DSP Committee to consider revised DPA2

As alerted in my blog post in the evening of 9 April the Development Strategy & Policy Committee (DSP) will consider this coming Monday evening the revisions made to DPA2 after your observations were taken on board by Council.

 

The first issue to come before this committee is the return of Development Plan Amendment DPA 2.

Our administration have compiled the responses from our community and have responded in turn with these observations to the Minister via his department, DPTI. Council has, in other words, taken on board the majority observations made during the public consultation. Our administration has worked diligently to document the results of the consultation, to implement them into a revised DPA, and to consult with DPTI over these changes.

Having said that, they (DPTI) are not particularly keen with the changes that the public consultation has prompted.

Keen to not miss out on the opportunities however this DPA2 presents in the eastern suburbs of the City of Unley DPTI have in a letter to our CEO recommended “that the policy that received limited objection through the consultation process be finalised for approval as a priority”. They go on further to say “As previously discussed it is recommended that the DPA2 be split to enable this to occur. This will allow progression of uncontentious development opportunities in the short term”.

So one of the first jobs our committee has is to determine what they will recommend council do; persist with the changes now or agree with DPTI and put the western components on hold while we deal with other more productive opportunities.

The options we can consider are as follow:

  1. Recommend endorsement of the revised DPA2 and splitting into 2 parts. The 1st part for submission to and approval by the minister. The 2nd part to go back out to public consultation limited to the western area.
  2. Recommend endorsement of the revised DPA2 and splitting into 2 parts. The 1st part limited to the smaller eastern area for submission to and approval by the minister. The 2nd part to go back out to public consultation to all araes except a limited eastern area.
  3. Abandon the DPA2 entirely leaving it to this minister to determine, noting it is his plan and he can, at the end of the day, do as he chooses.
  4. Any other option the committee, in its wisdom, may consider.

Should be a good night.

This is a public meeting so you are welcome to come along and hear the debate. It will be held in the Civic Centre commencing at 7.00 pm.

 

 

Have Your Say of the Belair Rail Timetable to incorporate Millswood Station

As you are no doubt aware, DPTI will soon be reopening Millswood station. As part of the project, DPTI is seeking community feedback on a proposed Belair train timetable. 

Yes! DPTI is looking for your feedback before looking at the time table as a result of re-opening the Millswood Station.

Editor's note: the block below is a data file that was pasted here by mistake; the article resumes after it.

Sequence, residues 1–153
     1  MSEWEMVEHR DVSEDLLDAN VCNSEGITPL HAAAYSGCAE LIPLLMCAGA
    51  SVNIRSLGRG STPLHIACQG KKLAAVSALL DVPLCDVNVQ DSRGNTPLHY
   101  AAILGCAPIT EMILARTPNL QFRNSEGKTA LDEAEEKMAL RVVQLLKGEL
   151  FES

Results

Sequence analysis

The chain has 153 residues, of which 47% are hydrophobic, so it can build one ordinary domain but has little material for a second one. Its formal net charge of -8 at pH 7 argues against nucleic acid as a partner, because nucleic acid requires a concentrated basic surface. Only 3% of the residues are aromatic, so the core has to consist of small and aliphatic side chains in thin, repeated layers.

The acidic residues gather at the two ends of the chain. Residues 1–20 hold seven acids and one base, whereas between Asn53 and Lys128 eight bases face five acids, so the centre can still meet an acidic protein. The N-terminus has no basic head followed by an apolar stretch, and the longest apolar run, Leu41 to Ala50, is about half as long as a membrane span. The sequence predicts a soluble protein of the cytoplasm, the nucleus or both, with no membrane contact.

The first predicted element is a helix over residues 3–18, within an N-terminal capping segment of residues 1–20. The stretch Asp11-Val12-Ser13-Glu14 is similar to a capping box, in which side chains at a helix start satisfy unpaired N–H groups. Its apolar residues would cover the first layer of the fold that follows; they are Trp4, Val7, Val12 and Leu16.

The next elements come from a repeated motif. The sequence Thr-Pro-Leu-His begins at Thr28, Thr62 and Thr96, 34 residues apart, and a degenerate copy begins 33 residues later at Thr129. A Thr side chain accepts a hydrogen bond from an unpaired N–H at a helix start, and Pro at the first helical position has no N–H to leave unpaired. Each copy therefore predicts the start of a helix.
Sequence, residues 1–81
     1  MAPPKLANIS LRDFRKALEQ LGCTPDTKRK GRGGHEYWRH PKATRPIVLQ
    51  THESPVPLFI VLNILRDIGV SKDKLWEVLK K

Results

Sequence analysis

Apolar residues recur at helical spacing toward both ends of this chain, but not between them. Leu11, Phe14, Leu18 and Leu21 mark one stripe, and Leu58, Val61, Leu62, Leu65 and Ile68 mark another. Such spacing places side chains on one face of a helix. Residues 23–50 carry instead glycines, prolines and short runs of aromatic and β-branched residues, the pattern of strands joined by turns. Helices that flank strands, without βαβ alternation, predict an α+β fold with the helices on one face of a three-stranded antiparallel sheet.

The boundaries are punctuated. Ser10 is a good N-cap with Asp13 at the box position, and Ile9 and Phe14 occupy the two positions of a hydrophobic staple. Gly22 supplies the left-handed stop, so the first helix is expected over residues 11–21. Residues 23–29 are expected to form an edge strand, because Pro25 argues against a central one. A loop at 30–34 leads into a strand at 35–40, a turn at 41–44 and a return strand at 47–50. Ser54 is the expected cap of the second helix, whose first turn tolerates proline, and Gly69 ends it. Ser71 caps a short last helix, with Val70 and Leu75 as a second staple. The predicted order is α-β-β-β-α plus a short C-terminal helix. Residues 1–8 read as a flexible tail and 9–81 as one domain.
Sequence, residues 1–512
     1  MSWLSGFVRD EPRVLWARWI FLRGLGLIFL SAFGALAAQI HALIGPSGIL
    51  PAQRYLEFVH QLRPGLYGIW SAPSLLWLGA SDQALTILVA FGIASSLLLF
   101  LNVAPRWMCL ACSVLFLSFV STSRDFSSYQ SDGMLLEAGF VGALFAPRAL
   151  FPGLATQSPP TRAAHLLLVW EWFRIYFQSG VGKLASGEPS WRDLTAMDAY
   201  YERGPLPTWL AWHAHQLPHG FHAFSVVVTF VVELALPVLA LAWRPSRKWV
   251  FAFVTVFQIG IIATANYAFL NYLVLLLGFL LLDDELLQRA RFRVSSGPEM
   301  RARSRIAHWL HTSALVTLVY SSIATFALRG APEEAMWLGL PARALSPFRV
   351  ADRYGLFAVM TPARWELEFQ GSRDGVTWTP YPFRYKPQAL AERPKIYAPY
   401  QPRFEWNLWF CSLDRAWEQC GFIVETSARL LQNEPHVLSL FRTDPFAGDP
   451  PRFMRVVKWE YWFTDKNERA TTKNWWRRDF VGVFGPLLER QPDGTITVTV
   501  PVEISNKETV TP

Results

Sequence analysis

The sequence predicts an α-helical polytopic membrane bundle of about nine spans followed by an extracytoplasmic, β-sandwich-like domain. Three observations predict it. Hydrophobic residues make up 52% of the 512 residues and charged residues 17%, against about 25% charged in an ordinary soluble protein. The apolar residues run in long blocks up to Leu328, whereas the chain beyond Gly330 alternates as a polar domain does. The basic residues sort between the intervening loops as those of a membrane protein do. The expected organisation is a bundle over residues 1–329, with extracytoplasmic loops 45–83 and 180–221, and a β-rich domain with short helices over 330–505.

This is your chance to influence the service you and your neighbours have been pushing to get back. I encourage you to take it up – be part of the solution.
Please refer to the attached flyer for more information on ‘how to provide your feedback’. The flyer will also be displayed at the  Council office ‘front counter’, Unley website and at the library alerting community if they wish to provide feedback.
Thank you DPTI.

Home Owners must take responsibility

A startling fact was provided to a small group of home owners in Goodwood and surrounding suburbs at the wildlife preservation presentation at Goodwood Primary School on Thursday night.

That was the revelation that it is us, those who own property in the area known as the City of Unley, who are responsible for the loss of native fauna and flora. As the map below shows very little is owned or under the control of governments, whether Federal, State or Local. The remaining 61% is owned by you and me. And before you say it does not add up to 100, roads account for the other 23%.

The areas in pink on this map are you and me.

After the original settlement of Unley most of the blocks were built on only to around 30%. In recent times the larger blocks have been carved up and we are covering regularly 50%, 60% and even up to 70% with housing stock.

This invasion is long before the recent invasion by DPTI of the electrified rail corridor.

DPTI, to their credit, were a key stakeholder in the recent wildlife project along the corridor. Before the project started they listed the expertise of Zoologist James Smith (see previous Wildlife post) with their concerns about wildlife degradation.

Council has information for anyone who wishes to do their bit to help our local environment. Or ring DPTI on 1300 443 198

Attracting Native Wildlife to YOUR garden

Goodwood Primary School students gave a presentation along with James Smith, Zoologist and founder of fauNature, as to how we might not only protect our native fauna and flora but increase it within the boundaries of the City of Unley.